Dairy focus: Producing milk all year round with a pedigree Holstein herd in Co. Galway

Farming in Oranmore, Co. Galway, Michael Freeney runs an autumn and spring-calving herd of pedigree Holstein cows.

Currently, Michael is milking 83 cows and – to date – each cow has produced an average 6,859kg of milk, 486kg of milk solids and has a calving interval of 390 days.

His farm recently hosted a winter milk workshop focusing on fertility and feeding of autumn-calving cows.

Michael’s pedigree Holstein herd is relatively young with 30 heifers and this is due to a high replacement rate of 33%.

Speaking at the workshop, he said: “I sold off most of my heifers due to quota restrictions, so that’s why there is not more forth and fifth lactation cows in the herd.

“It’s not that cows don’t last in the herd, I just didn’t want to pay the super levy,” he added.

Therefore, going forward Michael’s cows have great potential to increase yield and milk solids / cow as the herd matures.

George Ramsbottom of Teagasc – who was also speaking on the day – said: “If we keep cows in the herd for longer, there is potential to deliver lots more solids/cow. In order to achieve that potential, there is a need to push fertility.

There is no compromise between spring and autumn-calving herds. The calving interval should be 360-370 days.

“A target is to have 90% of the herd calved in six weeks; this is so cows calve at the right time of the year.

“This should be mid-to-late October for winter-milking herds and February and March for spring-calving herds,” he explained.

For Michael’s Holstein herd, the average number of lactations/cow is three. To get full potential from the herd, Michael plans to increase this figure to 5.5 lactations/cow.

“We want a mature herd without compromising on fertility, compactness of calving and replacement,” George said.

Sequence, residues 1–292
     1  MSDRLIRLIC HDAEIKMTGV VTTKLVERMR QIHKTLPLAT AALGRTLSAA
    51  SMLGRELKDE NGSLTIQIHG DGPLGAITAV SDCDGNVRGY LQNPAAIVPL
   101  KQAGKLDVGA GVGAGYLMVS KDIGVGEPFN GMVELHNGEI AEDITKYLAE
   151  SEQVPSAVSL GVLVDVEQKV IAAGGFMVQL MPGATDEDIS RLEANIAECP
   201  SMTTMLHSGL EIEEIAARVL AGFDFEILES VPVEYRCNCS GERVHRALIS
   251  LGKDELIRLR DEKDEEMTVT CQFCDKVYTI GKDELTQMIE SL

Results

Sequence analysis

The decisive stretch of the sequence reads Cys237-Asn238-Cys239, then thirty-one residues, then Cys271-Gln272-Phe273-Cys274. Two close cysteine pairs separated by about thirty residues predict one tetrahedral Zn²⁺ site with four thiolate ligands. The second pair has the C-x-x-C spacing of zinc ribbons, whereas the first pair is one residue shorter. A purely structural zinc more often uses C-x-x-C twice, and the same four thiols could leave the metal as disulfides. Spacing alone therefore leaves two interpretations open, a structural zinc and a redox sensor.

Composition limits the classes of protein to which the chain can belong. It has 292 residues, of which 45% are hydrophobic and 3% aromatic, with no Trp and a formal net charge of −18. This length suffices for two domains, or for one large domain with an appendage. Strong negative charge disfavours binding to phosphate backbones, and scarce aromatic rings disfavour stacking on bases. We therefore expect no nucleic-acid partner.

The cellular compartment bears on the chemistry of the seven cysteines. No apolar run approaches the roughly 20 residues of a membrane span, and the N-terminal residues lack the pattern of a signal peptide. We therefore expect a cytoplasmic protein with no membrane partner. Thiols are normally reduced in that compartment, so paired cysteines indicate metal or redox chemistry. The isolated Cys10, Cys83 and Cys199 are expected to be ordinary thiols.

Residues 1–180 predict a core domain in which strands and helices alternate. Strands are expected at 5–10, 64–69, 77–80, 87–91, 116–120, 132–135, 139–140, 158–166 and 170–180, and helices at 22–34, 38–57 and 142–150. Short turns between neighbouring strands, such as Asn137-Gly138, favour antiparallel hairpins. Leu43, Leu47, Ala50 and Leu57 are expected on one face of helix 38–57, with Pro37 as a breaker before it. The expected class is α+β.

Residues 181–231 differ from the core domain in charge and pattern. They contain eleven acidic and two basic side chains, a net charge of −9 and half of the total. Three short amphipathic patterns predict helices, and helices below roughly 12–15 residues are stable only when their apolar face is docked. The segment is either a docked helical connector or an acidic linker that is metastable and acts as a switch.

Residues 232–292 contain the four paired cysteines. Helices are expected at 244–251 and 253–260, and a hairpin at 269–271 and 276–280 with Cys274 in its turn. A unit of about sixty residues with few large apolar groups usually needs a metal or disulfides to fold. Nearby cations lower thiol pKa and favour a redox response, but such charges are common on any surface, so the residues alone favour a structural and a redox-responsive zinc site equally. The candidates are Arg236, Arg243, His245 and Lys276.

“Fertility has four elements to it; if one fails then fertility suffers. These elements are: mating management; disease control; nutrition; and genetics.

If we want to improve the genetic component of fertility, then bulls with high-fertility traits must be used to sire replacements.

Currently, Michael’s pedigree Holstein herd has a fertility sub-index score of -€39 and the target is to increase it to €80 over the next two generations.

Michael currently has a liquid milk contract for 12% of his total milk production. Selecting bulls with high milk solids will also be important as the remainder of his milk production is paid for on an A+B-C basis.

Feeding the winter-milking cow

In order to achieve high milk yields, dairy cows need to be offered good-quality silage in order to optimise performance.

Therefore, it is important to test silage before feeding, so that the cow’s diet can be formulated correctly.

Michael’s first-cut silage is of relatively good quality at 73% dry matter digestibility (DMD) and 14.3% crude protein (CP). His second-cut silage is equally as good at 73% DMD and 10% CP.

Also speaking on the day was Teagasc’s Joe Patton. He said: “It’s impossible to put together a good milking cow diet when silage quality is poor.

“Harvesting grass for silage after May 20 is really not going to be good enough for winter-milking cows. This is due to stem elongation and seed head formation after this date, which will result in decreased DMD of the silage,” he added.

Speaking on whether the silage ground should be grazed before harvest, Joe said: “If it is grazed tight in the autumn, then it’s alright; but if not, then it needs to be grazed off in early spring to ensure good-quality silage.

“In order to sustain a daily milk yield of 28kg/cow, you need 12kg of 70% DMD silage and 8kg of a balanced concentrate.

“As the silage DMD drops to 60%, you need to feed an extra 2kg of concentrate and milk yield will still drop by about 2kg/cow,” he noted.

As concentrate supplementation increases, the milk yield response to supplementation will decrease.

“When you feed 1kg of concentrate, you get almost a 2kg increase in milk yield. This response decreases to 0.5kg of milk when feeding 10kg of concentrate.

“The diet that gives more energy and protein from forage will always outperform the high-concentrate diet,” he concluded.

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